A reputable art historian once told
me that it is something of a standing joke that in the panel depicting the fall
of man in the Sistine Chapel ceiling frescoes, Michelangelo has deliberately
posed Adam and Eve in such a way that her momentary distraction towards the
serpent and eating the forbidden fruit has taken her attention away from eating
a different type of fruit attached to Adam's body. Michelangelo was certainly
clever enough to have embedded this as an inside joke, as we see, for example, in
the way he puts
friends and foes into the last judgment.
Michelangelo was probably reading
his Bible correctly, however, even if he has suggestively particularized the
sexual connotation of eating from the tree
of knowledge into edenic fellatio. The trick here is to see first of all
that Michelangelo is not creating a narrative that plays out
linearly like a story--he's making us work a little harder by compacting
the action into a single scene. Eve is not just turning from having oral
sex with Adam to get the forbidden fruit; the idea of sex and the
fall are merely being put into close juxtaposition (if you insist on reading
from left to right you might think of it a bit like the literary figure of hysteron
But even more tellingly, if you examine the image at the link below,
you'll see that Michelangelo is clearly compressing action by having the same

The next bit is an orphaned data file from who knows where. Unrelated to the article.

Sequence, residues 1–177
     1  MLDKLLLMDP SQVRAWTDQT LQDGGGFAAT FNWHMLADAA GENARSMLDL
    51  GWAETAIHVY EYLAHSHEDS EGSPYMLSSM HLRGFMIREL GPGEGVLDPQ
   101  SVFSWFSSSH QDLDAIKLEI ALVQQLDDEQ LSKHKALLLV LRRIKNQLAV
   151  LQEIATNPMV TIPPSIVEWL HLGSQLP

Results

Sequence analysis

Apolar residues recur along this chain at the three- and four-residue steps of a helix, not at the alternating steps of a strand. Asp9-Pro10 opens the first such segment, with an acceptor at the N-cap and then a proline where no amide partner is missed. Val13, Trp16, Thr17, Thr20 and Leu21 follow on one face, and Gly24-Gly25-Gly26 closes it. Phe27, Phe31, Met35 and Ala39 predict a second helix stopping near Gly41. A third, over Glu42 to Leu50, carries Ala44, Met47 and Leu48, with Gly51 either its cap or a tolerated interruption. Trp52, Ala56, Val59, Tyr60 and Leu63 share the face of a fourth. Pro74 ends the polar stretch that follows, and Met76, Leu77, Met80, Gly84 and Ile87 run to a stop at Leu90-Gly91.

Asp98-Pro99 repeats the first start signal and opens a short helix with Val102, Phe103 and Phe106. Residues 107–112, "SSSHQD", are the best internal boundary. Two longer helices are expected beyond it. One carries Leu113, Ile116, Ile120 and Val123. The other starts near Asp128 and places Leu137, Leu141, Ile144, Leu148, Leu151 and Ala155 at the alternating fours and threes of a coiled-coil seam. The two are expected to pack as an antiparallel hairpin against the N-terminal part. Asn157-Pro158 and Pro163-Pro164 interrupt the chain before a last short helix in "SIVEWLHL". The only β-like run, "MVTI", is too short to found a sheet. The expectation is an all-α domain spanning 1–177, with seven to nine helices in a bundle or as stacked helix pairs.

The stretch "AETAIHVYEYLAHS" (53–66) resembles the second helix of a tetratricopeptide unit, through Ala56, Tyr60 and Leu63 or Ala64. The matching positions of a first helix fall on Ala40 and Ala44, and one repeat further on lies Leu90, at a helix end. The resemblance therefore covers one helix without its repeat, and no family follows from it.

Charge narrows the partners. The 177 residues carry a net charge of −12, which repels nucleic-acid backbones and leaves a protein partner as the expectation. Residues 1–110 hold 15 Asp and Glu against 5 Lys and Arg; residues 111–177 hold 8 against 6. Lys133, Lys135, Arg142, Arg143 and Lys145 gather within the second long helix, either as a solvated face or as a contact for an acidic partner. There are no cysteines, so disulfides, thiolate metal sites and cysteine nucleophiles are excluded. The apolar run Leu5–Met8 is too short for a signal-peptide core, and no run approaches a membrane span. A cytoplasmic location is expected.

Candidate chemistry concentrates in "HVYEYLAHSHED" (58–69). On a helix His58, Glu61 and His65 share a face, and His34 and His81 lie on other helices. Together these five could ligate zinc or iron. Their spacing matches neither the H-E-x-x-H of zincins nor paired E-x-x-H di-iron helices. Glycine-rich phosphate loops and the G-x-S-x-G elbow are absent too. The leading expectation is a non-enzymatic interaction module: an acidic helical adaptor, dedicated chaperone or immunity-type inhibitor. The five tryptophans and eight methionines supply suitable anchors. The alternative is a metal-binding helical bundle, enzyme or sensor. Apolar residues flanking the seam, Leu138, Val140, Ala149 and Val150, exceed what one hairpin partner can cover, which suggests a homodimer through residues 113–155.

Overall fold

scene show Adam and Eve twice, once before the fall, and once shortly thereafter;
serpent, tree, and angel act as a sort of pivot between the episodes. As another
sign that Michelangelo is visibly playing with "chronology" for
the sake of deeper purposes, see the sizeable dead tree trunk the tempted Eve
is leaning against. If you've been to a cemetary with monuments lately you'll
have seen that even now broken trees (and headless columns) are symbols of death.
If you work out the math you can see the message. But this is Eden, created
only a little while before--what is a tree trunk so old it is already a broken,
withered stump doing there?
The second trick in interpreting
this scene correctly is to remember that Michelangelo (and his contemporaries)
were not Biblical literalists (clearly: this compressed
scene cannot be reconstructed literally from Genesis 3: 1-7). Michelangelo felt
no fundamentalist urge to avoid metaphorical or allegorical
interpretation of scripture, and this opened up the way for a rich understanding
of the text. In 1667, Milton, too, clearly saw the connection between
sex and the fall in his Paradise Lost (9.1011-1045),
and had no problem with depicting it.
But it's not just that Adam and Eve